A few weeks before leaving Bolivia, I was wondering what would be next. I was wondering when would be the right moment to start thinking about what I’d do afterwards and to contact people to say I would be available for new work again.
Somehow I didn’t want to disturb the dynamic I was in. And I wanted to experience how it would be to plan less, to give it space to let it happen. So, when anybody asked me what was next, I would say the plan was to spend the summer months in Europe. But because there was no fixed plan, I would add (maybe not always clear enough, or maybe only in my mind) only if there is no interesting assignment on offer, otherwise we might move somewhere else.
It was difficult not to fall back into my old habits where I would worry about my chances of finding something. My primary reaction was always to take action, to try to make something happen and have a feeling of control.
I think I managed, to a certain extent, to hold back these urges. And I tried to see how it would be when you just give room for the next plan or move to emerge.
But, by letting go, I was faced with a number of questions.
What do you do, as independent consultant who wants to work worldwide, when you are asked for an assignment when you have no other concrete plan?
Which framework do you use when making choices?
Which voices and opinions, including inner ones, do you listen to? Because there are many.
Is there a right and a wrong answer? Or is it better to label these voices and opinions – as mindfulness exercises suggest – as pleasant, neutral and unpleasant?
Which fear do you take most seriously?
By saying no to new work opportunities, I’m afraid I’ll squander all my chances. And, by saying yes, I sound like I have broken my (qualified) promise to family and friends in Europe that I would be around all summer. A new assignment might also mean travel to unsafe places where Jim cannot join. Or too much travel.
So, what do you tell people, when asked about your plans?
And what do you do with the unpleasant feelings when you feel impatient and out of control while waiting for the opportunities to emerge?
It was a challenging experience, especially dealing with my impatient nature and the bodily sensations and emotions that go with it. And my mind, Roosje, telling me day after day that it was time to get started on something new.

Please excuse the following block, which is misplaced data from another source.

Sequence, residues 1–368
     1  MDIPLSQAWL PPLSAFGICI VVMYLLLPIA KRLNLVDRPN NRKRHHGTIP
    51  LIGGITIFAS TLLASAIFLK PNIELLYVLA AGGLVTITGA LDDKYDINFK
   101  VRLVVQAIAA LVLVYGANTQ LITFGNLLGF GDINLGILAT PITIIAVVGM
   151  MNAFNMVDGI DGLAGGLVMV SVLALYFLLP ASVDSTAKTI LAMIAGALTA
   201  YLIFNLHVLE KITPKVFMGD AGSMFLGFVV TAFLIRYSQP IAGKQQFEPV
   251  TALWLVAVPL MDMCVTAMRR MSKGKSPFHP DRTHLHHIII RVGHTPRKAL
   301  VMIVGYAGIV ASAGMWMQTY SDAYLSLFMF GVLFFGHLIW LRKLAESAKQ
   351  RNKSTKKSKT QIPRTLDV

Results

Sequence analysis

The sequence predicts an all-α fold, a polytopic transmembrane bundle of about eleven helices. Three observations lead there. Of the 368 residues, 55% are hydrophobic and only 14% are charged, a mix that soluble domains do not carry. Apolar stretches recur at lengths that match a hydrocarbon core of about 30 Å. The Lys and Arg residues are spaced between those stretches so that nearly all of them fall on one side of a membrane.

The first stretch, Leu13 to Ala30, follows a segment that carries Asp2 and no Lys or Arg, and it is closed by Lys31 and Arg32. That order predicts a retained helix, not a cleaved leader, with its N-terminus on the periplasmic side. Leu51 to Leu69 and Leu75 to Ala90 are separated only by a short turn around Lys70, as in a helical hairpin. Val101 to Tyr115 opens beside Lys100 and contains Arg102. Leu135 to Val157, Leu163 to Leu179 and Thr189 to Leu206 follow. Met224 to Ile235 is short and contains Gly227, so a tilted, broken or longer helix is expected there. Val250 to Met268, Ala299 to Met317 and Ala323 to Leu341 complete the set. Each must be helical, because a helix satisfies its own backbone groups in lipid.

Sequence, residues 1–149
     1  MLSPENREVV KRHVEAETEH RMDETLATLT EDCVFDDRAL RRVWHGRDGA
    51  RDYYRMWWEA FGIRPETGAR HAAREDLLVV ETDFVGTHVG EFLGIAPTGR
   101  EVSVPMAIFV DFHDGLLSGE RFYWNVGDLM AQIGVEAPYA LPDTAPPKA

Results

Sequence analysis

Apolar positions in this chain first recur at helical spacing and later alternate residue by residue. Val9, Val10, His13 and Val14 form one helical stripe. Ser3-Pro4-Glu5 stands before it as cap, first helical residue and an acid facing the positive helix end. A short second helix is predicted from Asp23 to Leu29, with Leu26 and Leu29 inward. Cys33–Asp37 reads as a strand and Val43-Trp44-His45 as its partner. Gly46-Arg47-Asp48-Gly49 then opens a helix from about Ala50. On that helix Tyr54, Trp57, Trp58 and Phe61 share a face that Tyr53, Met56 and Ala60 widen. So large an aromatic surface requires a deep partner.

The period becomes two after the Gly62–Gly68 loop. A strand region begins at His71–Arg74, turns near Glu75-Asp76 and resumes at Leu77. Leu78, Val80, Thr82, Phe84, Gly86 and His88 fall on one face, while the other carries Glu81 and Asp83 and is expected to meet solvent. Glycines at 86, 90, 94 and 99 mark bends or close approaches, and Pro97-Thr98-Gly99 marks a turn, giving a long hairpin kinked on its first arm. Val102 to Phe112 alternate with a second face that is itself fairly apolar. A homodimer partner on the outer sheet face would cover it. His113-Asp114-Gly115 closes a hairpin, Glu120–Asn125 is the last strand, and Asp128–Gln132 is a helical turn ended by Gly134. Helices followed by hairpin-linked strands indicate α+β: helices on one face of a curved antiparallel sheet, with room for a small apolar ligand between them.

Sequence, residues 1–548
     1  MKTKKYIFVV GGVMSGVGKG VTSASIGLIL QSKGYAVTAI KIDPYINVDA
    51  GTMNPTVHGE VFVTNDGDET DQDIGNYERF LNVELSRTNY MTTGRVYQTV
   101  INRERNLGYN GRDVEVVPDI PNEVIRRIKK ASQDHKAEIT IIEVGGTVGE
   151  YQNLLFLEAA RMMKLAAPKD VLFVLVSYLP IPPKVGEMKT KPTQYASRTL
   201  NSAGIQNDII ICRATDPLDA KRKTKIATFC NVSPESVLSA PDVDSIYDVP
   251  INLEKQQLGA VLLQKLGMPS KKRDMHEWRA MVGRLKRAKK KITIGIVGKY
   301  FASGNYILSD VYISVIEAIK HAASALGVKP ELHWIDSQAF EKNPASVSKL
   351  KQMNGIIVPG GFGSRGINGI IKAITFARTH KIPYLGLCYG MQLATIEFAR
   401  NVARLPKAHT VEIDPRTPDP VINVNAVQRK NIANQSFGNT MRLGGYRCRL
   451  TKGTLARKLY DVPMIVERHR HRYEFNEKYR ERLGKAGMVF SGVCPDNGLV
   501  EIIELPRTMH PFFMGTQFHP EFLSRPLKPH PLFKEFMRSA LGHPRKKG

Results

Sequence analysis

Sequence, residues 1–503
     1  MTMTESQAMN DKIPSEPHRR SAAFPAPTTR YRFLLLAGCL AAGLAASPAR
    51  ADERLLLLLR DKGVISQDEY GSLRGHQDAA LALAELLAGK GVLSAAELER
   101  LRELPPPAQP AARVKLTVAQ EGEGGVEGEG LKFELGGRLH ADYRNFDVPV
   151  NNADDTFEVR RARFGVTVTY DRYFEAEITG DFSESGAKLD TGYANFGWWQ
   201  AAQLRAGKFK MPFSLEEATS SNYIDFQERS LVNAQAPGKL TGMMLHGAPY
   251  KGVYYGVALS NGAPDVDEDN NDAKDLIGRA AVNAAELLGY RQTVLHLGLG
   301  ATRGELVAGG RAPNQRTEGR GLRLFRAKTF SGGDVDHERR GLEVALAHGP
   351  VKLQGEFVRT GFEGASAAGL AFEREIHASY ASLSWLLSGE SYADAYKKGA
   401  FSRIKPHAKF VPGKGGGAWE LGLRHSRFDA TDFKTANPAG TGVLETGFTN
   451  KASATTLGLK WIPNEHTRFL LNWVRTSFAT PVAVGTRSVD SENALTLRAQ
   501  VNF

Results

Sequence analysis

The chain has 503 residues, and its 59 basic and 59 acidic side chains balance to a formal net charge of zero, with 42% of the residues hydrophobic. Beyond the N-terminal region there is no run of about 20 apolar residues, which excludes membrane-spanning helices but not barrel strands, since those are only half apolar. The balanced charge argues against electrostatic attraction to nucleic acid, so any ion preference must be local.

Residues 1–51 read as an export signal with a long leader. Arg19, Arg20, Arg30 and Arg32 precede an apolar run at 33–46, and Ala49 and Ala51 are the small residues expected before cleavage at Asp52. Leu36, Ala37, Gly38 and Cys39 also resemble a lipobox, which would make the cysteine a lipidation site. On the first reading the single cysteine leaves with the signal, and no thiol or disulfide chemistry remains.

Being able to recognize all this, and label it, helped me to experience these thoughts and take a step back, before automatically acting on them. I knew I could be impatient, and that there is this internal drive to control. However, I never realised, till now, how strong this is ingrained in me. It is rather interesting to consciously experience how it feels to operate outside of your comfort zone. Revealing, even.
I also find it difficult to know how to respond when asked about our plans, because they are so unpredictable. The when, where and what of the possibilities and possible scenarios can change every day. If we say something other than ‘I don’t know yet’, we’d probably only have to correct it later. And how do you go about planning to meet someone? As a good Dutch lady, I am used to planning dinners with family and friends some time ahead.
The outcome of it all is that I have learned that it is better and easier to say that we don’t know what we’ll do and not to promise too much. Even when plans emerge and slowly form, my challenge is to wait a little longer before I communicate them.
It is also handy to have some framework in mind to help decide on what to do or not. For example, a good friend of mine said she has limited the time of travelling away from her partner to three months.
I also learned that, even though uncomfortable, it is possible to let things go a bit more than I used to, and be more confident that plans and assignments will emerge.
Of course, this doesn’t mean that by passively waiting you will be contacted for assignments. It is about finding a good balance. A balance which helps me to better enjoy the time in between, time in which previously I was anxiously waiting for something to happen.
In practical terms, the outcome is that I will leave soon to go to Cabo Verde, and join a new team to work on the project I’d been involved with before. So, after telling so many people we’d be in Europe all summer, we’re back on the road again.